Ransomware continues to be one of the largest areas of cybersecurity claims for businesses and local governments. Over the past few weeks, we have witnessed a spike in ransomware infections and claims across Coalition insureds – and we project the number and frequency to continue to rise throughout the holiday season.
Why the holidays?
Hackers are always looking for the easiest ways to take advantage of people. They recognize that over the holidays employees are often out celebrating with their family, and use this as an opportunity to do their dirty work while people aren’t paying as close attention, because they can maximize the damage they can cause. Don’t let these bad actors ruin your holidays!
Specifically, we’ve been seeing an increasing number of infections from a piece of malware called “Trickbot.” Trickbot is a banking trojan, originally created to steal banking credentials from various browsers, but has now evolved for other purposes - including installing ransomware.
As of July 2019, it is estimated that Trickbot has harvested over 250 million email addresses and passwords (and growing!), all from people opening an attachment or clicking a link.
Here’s how Trickbot works
Trickbot first enters a company network by an employee either opening an infected email attachment (macro-enabled MS Excel spreadsheets, MS Word documents, or PDFs) or clicking a malicious link (in email or on the web) from untrusted sources.
Next, it hijacks the user’s email account, and sends an email with the same malicious documents and links to the user’s entire contact list - in order to spread as far and as quickly as possible.
It then secretly installs a program on the infected computers that connects back to a “command and control” center, which gives hackers full control over the infected computers.
Hackers use this access to do anything they want - install ransomware, access emails, steal personal/banking information, etc.
They then wait until the infection has spread throughout the company, installed ransomware and stolen sensitive information from as many computers as they can.
Finally, when they have decided that they can do the worst damage possible, they spring the trap and activate the ransomware.
Recent case study
Two days after Thanksgiving, CIR (Coalition Incident Response) was engaged to investigate a Trickbot infection. The Client had customers calling them advising that they had spam emails being sent with attachments they did not recognize.
After a review of the emails, we discovered that the malicious actors re-used legitimate email threads from previous conversations to falsely restart the communication and attach a malicious document - in order to further harvest credentials and spread Trickbot.
Upon completion of the investigation, CIR found 4 different employees had Trickbot running on their systems - each sending malicious emails via these previous email threads. Over 14,000 spam emails were sent out posing as the Client employees.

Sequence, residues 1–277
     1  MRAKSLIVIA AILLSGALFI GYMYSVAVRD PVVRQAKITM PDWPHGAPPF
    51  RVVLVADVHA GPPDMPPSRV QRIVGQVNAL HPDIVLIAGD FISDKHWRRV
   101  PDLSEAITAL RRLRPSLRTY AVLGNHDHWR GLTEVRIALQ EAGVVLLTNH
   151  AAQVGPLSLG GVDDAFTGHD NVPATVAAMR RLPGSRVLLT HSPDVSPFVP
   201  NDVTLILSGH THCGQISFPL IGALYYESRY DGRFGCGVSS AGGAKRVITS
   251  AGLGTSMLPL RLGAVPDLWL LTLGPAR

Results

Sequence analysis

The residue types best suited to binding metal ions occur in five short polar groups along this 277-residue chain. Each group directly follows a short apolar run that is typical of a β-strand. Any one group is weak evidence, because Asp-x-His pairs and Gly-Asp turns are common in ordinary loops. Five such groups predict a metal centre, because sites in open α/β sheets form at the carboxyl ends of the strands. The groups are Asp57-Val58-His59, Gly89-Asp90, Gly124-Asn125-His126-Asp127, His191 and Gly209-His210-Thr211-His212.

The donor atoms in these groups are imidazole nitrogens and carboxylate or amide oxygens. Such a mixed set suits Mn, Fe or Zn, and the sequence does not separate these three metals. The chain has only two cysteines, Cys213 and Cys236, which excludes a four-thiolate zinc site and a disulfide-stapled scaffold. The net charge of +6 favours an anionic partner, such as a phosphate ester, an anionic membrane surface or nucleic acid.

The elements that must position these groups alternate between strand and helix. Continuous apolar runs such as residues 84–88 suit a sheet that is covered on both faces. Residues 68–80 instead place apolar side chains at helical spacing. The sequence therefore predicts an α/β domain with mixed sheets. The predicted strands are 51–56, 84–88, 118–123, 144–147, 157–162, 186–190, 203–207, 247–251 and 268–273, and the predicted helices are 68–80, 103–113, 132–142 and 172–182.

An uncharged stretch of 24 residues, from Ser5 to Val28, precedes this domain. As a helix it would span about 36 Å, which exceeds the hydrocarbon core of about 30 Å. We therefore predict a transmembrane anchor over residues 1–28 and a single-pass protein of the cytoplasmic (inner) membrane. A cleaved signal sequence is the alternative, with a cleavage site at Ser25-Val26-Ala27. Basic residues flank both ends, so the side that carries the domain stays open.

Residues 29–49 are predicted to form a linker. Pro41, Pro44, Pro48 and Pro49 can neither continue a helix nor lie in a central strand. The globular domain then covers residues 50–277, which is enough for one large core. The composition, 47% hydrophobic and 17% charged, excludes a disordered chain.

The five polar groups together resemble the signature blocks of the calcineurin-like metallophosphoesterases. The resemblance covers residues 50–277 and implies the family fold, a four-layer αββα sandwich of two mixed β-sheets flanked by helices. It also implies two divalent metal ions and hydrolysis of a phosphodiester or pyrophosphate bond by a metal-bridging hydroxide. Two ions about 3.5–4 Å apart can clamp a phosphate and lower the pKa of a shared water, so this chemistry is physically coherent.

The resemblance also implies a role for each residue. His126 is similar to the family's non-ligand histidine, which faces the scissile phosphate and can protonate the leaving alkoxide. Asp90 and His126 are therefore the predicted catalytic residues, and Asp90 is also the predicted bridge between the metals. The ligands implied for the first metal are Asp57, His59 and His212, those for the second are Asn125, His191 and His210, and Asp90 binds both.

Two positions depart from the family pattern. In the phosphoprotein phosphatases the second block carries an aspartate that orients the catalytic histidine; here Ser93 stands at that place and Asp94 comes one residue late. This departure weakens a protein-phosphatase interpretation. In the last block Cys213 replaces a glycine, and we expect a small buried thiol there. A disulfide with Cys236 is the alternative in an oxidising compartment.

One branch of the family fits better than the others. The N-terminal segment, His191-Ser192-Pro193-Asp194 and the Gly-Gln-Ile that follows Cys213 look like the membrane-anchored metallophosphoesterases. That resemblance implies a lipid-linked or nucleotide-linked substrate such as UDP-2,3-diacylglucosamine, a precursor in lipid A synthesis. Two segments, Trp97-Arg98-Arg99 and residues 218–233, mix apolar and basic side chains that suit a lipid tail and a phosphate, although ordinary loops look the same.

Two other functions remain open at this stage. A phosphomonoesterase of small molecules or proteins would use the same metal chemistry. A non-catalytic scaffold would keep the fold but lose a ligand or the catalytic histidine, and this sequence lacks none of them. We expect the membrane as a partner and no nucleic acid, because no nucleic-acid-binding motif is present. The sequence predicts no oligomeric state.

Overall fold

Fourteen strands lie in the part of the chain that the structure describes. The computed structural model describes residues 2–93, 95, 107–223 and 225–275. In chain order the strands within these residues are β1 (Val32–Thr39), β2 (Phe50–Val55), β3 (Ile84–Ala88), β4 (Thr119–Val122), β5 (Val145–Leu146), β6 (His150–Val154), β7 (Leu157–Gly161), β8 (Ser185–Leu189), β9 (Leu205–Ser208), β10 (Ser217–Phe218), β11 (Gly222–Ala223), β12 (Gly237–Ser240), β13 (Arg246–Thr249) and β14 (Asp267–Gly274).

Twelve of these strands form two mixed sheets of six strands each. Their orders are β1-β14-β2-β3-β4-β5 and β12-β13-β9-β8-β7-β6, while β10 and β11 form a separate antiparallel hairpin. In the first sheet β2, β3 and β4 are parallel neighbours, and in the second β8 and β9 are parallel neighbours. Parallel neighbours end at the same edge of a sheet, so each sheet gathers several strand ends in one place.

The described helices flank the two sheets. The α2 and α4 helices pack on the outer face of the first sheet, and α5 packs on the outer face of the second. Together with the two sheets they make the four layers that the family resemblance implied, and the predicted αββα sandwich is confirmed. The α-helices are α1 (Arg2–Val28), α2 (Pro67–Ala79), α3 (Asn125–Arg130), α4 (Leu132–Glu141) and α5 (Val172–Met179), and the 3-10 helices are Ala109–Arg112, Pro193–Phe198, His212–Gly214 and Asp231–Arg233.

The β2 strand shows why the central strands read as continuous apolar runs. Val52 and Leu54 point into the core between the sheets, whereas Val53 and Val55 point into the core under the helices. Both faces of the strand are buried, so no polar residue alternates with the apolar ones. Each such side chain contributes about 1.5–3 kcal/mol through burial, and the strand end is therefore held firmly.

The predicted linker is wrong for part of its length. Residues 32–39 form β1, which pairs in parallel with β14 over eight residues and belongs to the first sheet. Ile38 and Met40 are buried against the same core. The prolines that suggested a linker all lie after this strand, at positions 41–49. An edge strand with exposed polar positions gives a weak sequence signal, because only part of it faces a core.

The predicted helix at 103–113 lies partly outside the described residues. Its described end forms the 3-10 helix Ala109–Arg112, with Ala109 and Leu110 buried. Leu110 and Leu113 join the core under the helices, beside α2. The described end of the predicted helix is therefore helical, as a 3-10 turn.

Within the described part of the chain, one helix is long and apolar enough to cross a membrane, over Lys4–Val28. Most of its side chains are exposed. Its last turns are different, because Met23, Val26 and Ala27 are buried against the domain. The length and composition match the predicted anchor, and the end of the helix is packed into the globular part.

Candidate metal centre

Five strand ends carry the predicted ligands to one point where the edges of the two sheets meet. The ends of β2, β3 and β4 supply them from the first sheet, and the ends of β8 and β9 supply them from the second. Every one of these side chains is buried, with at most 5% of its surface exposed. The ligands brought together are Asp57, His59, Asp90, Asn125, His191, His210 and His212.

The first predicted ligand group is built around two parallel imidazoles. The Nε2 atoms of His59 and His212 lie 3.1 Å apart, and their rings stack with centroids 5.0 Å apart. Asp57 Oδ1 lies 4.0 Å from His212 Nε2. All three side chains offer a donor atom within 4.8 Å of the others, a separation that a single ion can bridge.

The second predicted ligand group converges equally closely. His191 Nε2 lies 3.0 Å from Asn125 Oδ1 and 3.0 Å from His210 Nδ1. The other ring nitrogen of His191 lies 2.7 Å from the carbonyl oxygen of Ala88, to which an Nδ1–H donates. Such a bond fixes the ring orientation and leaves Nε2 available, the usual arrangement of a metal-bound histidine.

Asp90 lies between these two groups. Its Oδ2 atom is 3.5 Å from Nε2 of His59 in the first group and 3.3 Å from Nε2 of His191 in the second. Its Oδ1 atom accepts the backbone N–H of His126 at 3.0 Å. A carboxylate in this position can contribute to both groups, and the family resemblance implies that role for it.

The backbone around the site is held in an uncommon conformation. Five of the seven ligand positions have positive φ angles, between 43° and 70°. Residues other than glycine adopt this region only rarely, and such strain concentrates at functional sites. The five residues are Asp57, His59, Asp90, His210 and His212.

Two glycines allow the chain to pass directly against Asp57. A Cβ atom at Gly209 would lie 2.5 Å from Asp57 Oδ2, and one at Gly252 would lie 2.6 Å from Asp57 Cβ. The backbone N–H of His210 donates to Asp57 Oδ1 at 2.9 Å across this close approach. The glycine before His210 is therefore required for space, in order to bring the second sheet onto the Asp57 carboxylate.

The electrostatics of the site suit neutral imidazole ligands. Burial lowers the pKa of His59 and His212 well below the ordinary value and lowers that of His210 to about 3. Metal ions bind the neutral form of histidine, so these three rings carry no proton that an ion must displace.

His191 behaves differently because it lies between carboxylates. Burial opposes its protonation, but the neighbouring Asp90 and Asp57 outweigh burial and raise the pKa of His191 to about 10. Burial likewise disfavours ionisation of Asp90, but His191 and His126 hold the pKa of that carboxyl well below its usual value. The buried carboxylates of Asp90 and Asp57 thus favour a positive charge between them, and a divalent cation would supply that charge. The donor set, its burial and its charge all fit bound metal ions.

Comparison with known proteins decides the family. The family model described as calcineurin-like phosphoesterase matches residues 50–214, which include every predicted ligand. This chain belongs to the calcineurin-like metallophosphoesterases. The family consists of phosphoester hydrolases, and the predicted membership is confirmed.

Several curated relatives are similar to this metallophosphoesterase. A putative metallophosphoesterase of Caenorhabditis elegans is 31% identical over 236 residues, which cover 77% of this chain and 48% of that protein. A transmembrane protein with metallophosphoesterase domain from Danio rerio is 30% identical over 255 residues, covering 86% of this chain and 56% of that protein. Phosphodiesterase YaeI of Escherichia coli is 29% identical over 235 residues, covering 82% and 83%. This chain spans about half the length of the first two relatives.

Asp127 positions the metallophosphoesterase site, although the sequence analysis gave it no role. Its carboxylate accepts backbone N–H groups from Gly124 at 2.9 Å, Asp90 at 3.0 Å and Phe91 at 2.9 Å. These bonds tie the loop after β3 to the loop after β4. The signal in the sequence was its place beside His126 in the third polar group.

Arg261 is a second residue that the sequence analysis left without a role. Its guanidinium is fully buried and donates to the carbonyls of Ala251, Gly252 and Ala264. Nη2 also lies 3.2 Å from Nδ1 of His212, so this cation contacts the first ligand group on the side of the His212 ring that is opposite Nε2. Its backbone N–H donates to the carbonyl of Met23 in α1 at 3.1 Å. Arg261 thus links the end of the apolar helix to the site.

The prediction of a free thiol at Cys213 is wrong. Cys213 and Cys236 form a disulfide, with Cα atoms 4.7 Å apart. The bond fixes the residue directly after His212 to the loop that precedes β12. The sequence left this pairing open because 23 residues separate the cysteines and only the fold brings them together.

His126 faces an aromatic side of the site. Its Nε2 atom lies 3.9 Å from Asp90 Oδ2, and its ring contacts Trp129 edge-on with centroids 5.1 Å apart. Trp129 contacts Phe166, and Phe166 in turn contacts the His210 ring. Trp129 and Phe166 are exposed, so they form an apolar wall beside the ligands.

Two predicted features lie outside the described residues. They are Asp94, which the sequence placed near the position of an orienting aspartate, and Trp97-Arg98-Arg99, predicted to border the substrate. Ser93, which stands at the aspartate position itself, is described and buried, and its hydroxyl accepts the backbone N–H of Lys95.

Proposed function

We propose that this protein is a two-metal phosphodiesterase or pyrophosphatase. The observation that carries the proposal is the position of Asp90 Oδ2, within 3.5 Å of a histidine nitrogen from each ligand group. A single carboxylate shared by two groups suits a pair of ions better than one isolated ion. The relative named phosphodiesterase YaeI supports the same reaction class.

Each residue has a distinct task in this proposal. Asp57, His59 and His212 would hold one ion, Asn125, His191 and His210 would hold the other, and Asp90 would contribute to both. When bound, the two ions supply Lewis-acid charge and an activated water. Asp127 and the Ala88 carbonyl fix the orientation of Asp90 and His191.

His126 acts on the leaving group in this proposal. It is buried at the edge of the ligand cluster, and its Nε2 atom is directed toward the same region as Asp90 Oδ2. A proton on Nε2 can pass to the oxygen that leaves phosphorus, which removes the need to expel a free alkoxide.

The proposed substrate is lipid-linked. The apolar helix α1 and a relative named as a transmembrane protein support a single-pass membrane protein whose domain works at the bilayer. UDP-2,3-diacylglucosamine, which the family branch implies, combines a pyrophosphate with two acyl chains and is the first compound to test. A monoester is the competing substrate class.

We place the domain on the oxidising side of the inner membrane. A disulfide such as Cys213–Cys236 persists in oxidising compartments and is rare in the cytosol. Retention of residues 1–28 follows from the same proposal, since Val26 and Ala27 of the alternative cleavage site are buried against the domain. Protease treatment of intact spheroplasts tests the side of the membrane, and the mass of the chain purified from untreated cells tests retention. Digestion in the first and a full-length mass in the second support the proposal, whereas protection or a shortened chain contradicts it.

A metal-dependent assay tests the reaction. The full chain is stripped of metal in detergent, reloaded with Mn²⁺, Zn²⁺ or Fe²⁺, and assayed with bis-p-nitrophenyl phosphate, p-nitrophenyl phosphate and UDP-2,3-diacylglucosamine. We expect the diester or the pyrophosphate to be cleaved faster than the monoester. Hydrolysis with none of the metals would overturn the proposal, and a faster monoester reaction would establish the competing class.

The initial cause of this infection? These employees opened an attachment named “November Invoice Review.doc”. Once opened, Trickbot installed itself and email harvesting began.
What to do?
Ransomware is particularly devastating to its victims. Fortunately, there are a few things you can do to both help prevent infection from occurring and to help recover if an infection does occur.
Do Not Click Links or Open Any Attachments You Are Not Expecting. If you are not expecting a specific attachment, do not open it for review. Additionally, do not click links within emails if you are not expecting them. Follow up with a phone call to the sender directly, better to be safe than sorry!
Use Proper Email Security. Always verify that the emails you receive are from legitimate and trusted sources. Inspect the from addresses closely and be wary of downloading any files that you’re not already expecting.
Use Proper Web Security. Only download files from known and trusted websites. Verify that the URL is not intentionally misspelled to confuse you into downloading malware from a malicious website.
Disable Office Macros. Macros in Microsoft Office are small pieces of code that run in the background - that code often downloads malware. It’s rare to see macro-enabled Office documents used in normal business (e.g. .docm and .xlsx files). We recommend disabling macros on all computers to prevent ransomware infection.
Perform Backups. Often the best recovery option for ransomware is restoration from backup. Ensure your organization is performing daily backups on all systems in the event that restoration is required.
Educate Your Employees. Ensure your employees are aware of this alert to help remind them to stay vigilant. Remember, a single employee’s actions can infect an entire network!